How to “gossip” the gospel.
Introduce Jesus in everyday conversations Talking about Jesus doesn’t believe, but to do so without you did on the weekend and watering down the message. She said we don’t need to be experts in all areas of theology to talk about Jesus, adding that it’s helpful to reflect on what you do feel confident talking about. Share what you love about God, church, Jesus, the Bible and your Christian friends. Talk about the difference Jesus makes to your life – including your relationships, security, future, decision making and your identity. It’s also important to remember that we are the salt and light of the world (Matthew 5:13), that our words will polarise (2 Cor 2:14-16), and that we must be prepared (1 Peter 3:15). “This is how we’re going to come into conversations,” Mrs Seabrook said. “We’ve got all these things in mind. We have our story to tell, the theology, but we are minding the gap when we drop into conversation. “We’re not just going to say ‘church’ or ‘worship’ or ‘I was saved by the blood of Jesus’. But you are going to drop in questions. You’re going to be a questioning person. You might be that switch that helps people see that their assumptions are not [correct]. You may have WE DON’T NEED TO BE the ability to change someone’s “EXPERTS” mind, but it’s going to take time. It’s important to remember that “We can’t out-inform people people don’t know what we in this age. What people need to know. “It’s our job to let others see is that Christianity works. know what it means to live It makes a difference. It works a Christian life and to be in a because we tell them the joy relationship with God,” Mrs we have in knowing God, the Seabrook said. “We are the relief in forgiveness, the hope ones who hold that information in eternal life [and] that we’ve and need to bring it up in found our home.” conversation.” She advised people to share JESUS CONVERSATIONS their experiences with the ARE “BUILDING BLOCKS” gospel – particularly what The goal is not to get to a gospel captured them – and the hurdles presentation as quickly as they needed to overcome to possible. “Mentioning what SouthernCross
mentioning church is a great place to start… You don’t have to always get straight to the gospel. It’s building blocks. When you have time, you can come back to that.” H a v i n g p r a c t i c e go s p e l conversations with your church family and other Christians will also help make this a habit. The more comfortable we are speaking about faith with others, the more likely we are to bring Jesus up with the non-Christians we know. The most important element to intro ducing Jesus in conversation is to pray. “They won’t listen or understand unless we pray,” Mrs Seabrook said. “It’s God’s job to do the converting. We don’t know how God will use what we say, except that he will.”SC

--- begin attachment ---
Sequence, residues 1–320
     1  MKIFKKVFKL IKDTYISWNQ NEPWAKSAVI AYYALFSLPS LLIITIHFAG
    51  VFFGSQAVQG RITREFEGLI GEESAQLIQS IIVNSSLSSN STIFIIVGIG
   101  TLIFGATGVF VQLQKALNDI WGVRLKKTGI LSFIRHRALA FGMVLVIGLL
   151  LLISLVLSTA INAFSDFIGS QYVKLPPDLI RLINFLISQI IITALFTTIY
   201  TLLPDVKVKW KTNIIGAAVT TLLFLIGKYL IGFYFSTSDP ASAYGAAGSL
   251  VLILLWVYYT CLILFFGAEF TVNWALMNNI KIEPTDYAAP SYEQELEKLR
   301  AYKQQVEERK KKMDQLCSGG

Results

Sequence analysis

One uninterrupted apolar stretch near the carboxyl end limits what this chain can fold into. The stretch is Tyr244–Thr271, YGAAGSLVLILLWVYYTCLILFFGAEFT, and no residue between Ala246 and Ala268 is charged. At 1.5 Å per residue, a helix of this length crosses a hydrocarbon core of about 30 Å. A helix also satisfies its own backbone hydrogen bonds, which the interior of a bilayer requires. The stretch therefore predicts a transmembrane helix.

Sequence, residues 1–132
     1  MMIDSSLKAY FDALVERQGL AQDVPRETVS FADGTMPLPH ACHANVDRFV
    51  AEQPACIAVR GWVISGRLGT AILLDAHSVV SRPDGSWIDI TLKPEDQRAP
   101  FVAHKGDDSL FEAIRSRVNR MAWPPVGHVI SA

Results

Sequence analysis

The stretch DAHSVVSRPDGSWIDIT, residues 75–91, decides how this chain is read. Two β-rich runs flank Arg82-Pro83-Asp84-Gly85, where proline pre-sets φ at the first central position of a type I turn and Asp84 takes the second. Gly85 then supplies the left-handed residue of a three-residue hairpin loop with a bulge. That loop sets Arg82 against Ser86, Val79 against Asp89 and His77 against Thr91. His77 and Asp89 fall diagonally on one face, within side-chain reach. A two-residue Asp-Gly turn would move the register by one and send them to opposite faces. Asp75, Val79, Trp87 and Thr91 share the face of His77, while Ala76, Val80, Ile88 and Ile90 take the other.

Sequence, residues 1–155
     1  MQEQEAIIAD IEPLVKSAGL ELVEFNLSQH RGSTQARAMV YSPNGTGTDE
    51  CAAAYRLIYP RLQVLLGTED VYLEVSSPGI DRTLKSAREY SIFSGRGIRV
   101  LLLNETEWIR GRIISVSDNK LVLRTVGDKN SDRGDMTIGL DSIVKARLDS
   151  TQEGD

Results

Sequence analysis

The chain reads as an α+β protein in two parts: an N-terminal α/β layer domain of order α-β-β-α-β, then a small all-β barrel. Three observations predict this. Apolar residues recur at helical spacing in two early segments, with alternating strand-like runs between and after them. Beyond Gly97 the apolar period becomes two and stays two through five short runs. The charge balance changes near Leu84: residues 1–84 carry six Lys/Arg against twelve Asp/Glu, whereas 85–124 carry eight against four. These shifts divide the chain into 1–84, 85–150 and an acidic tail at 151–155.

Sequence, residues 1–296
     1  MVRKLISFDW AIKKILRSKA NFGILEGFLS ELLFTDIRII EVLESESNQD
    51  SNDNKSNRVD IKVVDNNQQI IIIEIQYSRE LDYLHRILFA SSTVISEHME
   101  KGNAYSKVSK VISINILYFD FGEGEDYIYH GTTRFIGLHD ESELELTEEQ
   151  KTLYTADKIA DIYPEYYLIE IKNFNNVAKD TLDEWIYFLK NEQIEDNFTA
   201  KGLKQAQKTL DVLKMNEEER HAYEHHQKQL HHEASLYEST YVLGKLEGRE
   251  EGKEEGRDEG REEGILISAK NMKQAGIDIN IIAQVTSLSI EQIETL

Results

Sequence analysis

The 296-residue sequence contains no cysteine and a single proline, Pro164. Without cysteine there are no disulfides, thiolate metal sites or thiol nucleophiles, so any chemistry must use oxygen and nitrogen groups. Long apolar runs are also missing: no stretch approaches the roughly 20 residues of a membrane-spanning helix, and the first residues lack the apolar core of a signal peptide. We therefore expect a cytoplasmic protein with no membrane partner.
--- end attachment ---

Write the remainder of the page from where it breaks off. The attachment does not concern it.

Sarah Seabrook is a Moore College graduate with a teaching background who works with ENC as a speaker and trainer in evangelism. She is a resource for your church! To find out more go to https://www. newchurches.org.au/ book-a-speaker/
Supporting your independence with home care Anglicare At Home is here to support you when you need it, in your home and in the community.
always need to be a big biblical presentation. Sarah Seabrook believes that simply speaking about our faith in everyday conversation can have a bigger impact than we realise. “McCrindle research identified that conversations are the biggest prompt when people are thinking about spirituality and belief,” Mrs Seabrook said in her workshop on Introducing Jesus into your Conversations, which was part of a recent Evangelism and New Churches conference called “Gossiping the Gospel”. Forty-four per cent of nonChristians are attracted to people living out genuine faith, but this rises to 62 per cent for non-Christians who are already open to change. “Nobody likes a hypocrite,” Mrs Seabrook said. Knowing where others are coming from, and knowing ourselves, is key to introducing Jesus into our conversations. “We are not religious observers; w e a re p e o p l e i n a r i g h t relationship with God,” she said. “This is a fundamental thing about Christianity that most people don’t get: they don’t hear enough about the relationship we have with God.”
We offer complimentary pastoral care services. In these uncertain times, it helps to know that there is Christian care available. Home care services range from help around the home to high care nursing support. Over 65 years of age? Call 1300 111 278 or visit anglicare.org.au/at-home 9
The news magazine for Sydney Anglicans